Randomized, placebo-controlled trial of Fluoxetine for-acute treatment of minor depressive disorder
ABSTRACT Minor depressive disorder is both common and associated with significant psychosocial impairment. This study examined antidepressant treatment efficacy in a large group of patients with minor depressive disorder.
One hundred sixty-two patients with minor depressive disorder were randomly assigned to receive fluoxetine or placebo in a 12-week, double-blind study; 73% (59 of 81) of the patients in each treatment group completed the study. Patients were evaluated weekly with standard depression rating instruments and measures of psychosocial impairment. Hypotheses were tested by last-observation-carried-forward analysis of variance (ANOVA) and confirmed by mixed (random-effects) regression analysis.
At baseline, minor depressive disorder patients were mildly to moderately depressed, with a corresponding degree of functional impairment. Over 12 weeks of treatment, both ANOVA and mixed regression showed fluoxetine to be superior to placebo as indicated by significantly greater improvement of fluoxetine-treated patients in scores on the 30-item clinician-rated Inventory of Depressive Symptomatology, the 17-item and 21-item Hamilton Depression Rating Scale, the Beck Depression Inventory, and the Clinical Global Impression severity scale. Improvement in Global Assessment of Functioning Scale score was significantly greater for the fluoxetine group in mixed regression analysis only. Patients in both treatment groups reported a similar number and severity of adverse events during the 12-week treatment period.
Clinicians frequently encounter minor depressive disorder either as a prodromal or residual phase of illness in major depressive disorder or as de novo minor depressive disorder episodes. Fluoxetine is significantly superior to placebo in reducing minor depressive disorder symptoms within a 12-week period. Improvement in psychosocial function with fluoxetine may take longer than 12 weeks.
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ABSTRACT: A revision of the 2000 British Association for Psychopharmacology evidence-based guidelines for treating depressive disorders with antidepressants was undertaken to incorporate new evidence and to update the recommendations where appropriate. A consensus meeting involving experts in depressive disorders and their management was held in May 2006. Key areas in treating depression were reviewed, and the strength of evidence and clinical implications were considered. The guidelines were drawn up after extensive feedback from participants and interested parties. A literature review is provided, which identifies the quality of evidence to inform the recommendations, the strength of which are based on the level of evidence. These guidelines cover the nature and detection of depressive disorders, acute treatment with antidepressant drugs, choice of drug versus alternative treatment, practical issues in prescribing and management, next-step treatment, relapse prevention, treatment of relapse, and stopping treatment.Journal of Psychopharmacology 07/2008; 22(4):343-96. DOI:10.1177/0269881107088441 · 2.81 Impact Factor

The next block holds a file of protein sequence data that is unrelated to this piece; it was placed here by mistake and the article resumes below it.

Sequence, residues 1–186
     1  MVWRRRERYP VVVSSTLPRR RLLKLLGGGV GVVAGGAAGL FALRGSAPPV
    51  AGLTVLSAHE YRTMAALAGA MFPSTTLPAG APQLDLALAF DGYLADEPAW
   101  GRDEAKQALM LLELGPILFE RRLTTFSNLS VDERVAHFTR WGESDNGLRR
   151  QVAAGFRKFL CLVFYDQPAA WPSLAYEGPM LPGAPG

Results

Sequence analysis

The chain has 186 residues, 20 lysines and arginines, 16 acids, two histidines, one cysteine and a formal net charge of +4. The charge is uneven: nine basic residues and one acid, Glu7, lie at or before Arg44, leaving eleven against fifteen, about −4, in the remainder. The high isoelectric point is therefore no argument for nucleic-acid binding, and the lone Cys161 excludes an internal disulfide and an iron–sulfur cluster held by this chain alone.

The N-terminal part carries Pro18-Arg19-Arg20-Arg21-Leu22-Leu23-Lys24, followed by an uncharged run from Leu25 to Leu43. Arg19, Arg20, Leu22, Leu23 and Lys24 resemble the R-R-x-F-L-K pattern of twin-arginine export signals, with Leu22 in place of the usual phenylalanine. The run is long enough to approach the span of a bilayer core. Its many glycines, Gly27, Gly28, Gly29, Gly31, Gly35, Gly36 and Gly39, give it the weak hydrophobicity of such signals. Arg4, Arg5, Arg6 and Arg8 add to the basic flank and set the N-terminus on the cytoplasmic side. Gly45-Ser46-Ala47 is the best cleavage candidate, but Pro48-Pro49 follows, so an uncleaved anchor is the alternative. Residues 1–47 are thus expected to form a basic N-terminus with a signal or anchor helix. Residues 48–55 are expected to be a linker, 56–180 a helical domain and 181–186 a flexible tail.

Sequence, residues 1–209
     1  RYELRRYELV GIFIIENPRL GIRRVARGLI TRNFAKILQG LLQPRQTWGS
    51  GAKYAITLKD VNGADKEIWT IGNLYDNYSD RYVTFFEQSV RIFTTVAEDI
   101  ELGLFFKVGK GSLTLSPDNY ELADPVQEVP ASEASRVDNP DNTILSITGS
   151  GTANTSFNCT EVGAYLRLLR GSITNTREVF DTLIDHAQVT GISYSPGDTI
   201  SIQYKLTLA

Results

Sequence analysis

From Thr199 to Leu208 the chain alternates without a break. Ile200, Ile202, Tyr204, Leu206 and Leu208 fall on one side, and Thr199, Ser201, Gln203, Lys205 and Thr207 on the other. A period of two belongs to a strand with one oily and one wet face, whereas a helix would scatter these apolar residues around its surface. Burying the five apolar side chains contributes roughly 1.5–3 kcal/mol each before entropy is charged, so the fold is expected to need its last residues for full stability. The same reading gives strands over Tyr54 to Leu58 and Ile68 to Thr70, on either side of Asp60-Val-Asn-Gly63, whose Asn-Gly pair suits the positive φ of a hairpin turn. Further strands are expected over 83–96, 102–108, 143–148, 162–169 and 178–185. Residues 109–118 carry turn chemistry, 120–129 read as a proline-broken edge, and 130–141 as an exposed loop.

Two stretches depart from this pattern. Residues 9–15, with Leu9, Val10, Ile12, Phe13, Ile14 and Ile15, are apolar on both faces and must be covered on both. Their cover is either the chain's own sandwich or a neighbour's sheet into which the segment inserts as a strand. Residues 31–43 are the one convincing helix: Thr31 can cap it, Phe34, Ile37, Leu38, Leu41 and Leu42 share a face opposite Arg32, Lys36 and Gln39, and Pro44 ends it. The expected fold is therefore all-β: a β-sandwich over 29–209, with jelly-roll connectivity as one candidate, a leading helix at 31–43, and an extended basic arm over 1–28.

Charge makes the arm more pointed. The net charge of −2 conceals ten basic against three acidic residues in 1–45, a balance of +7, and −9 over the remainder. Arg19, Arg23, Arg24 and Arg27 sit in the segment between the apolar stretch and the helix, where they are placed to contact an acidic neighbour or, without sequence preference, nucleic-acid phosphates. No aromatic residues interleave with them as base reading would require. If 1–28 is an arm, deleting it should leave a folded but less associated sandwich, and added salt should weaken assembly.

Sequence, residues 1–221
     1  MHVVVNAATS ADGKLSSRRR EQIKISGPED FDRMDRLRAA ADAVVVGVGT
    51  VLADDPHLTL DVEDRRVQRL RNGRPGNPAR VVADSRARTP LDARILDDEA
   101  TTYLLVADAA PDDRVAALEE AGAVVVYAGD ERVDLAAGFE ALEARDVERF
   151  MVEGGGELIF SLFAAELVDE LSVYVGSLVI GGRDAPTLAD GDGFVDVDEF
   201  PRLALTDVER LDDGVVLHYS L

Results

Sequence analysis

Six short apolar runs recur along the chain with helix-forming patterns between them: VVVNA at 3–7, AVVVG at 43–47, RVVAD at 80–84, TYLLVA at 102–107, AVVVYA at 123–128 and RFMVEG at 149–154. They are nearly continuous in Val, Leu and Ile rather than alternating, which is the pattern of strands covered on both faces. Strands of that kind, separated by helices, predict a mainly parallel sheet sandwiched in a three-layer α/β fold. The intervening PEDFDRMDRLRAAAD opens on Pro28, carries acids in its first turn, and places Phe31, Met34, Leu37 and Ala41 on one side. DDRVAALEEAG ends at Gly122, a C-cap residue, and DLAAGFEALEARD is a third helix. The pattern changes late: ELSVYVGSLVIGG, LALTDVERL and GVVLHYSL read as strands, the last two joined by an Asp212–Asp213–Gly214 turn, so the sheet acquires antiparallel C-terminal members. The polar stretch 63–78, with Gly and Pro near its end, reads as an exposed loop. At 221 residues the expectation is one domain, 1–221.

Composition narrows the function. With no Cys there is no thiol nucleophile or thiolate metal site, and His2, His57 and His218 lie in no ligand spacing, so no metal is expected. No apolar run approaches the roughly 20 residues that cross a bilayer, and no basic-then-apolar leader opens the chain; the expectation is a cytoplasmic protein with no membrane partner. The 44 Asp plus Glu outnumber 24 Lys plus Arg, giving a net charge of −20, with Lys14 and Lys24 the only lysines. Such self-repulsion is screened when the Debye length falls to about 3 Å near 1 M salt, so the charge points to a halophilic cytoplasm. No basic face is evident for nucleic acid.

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ABSTRACT: Evidence for validity of the diagnostic construct of minor depressive disorder comes primarily from reports on subthreshold depressive states rather than minor depressive disorder per se. We report on the prevalence, impact, and sociodemographic correlates of minor depressive disorder in a developing country setting as further validation of this diagnostic construct. Diagnostic assessment of 1714 adults of an island population in Ethiopia was carried out using the Composite International Diagnostic Interview. The lifetime prevalence of minor depressive disorder was 20.5% (95% confidence interval 18.6, 22.5%). One-third of cases had sought help and expressed suicidal ideation. Being divorced/widowed, middle-aged, and having somatic pain were independently associated with having minor depressive disorder. Only being divorced/widowed was a shared risk factor for both minor depressive disorder and bereavement. Minor depressive disorder seems to be a useful and valid diagnostic construct with particular clinical significance in this and, possibly, similar developing country settings.The Journal of nervous and mental disease 02/2008; 196(1):22-8. DOI:10.1097/NMD.0b013e31815fa4d4 · 1.81 Impact Factor
Article: Basic concepts of depression[Show abstract] [Hide abstract]
ABSTRACT: This paper reviews concepts of depression, including history and classification. The original broad concept of melancholia included all forms of quiet insanity. The term depression began to appear in the nineteenth century, as did the modern concept of affective disorders, with the core disturbance now viewed as one of mood. The 1980s saw the introduction of defined criteria into official diagnostic schemes. The modern separation into unipolar and bipolar disorder was introduced following empirical research by Angst and Perris in the 1960s. The partially overlapping distinctions between psychotic and neurotic depression, and between endogenous and reactive depression, started to generate debate in the 1920s, with considerable multivariate research in the 1960s. The symptom element in endogenous depression currently survives in melancholia or somatic syndrome. Life stress is common in various depressive pictures. Dysthymia, a valuable diagnosis, represents a form of what was regarded earlier as neurotic depression. Other subtypes are also discussed.Dialogues in clinical neuroscience 02/2008; 10(3):279-89.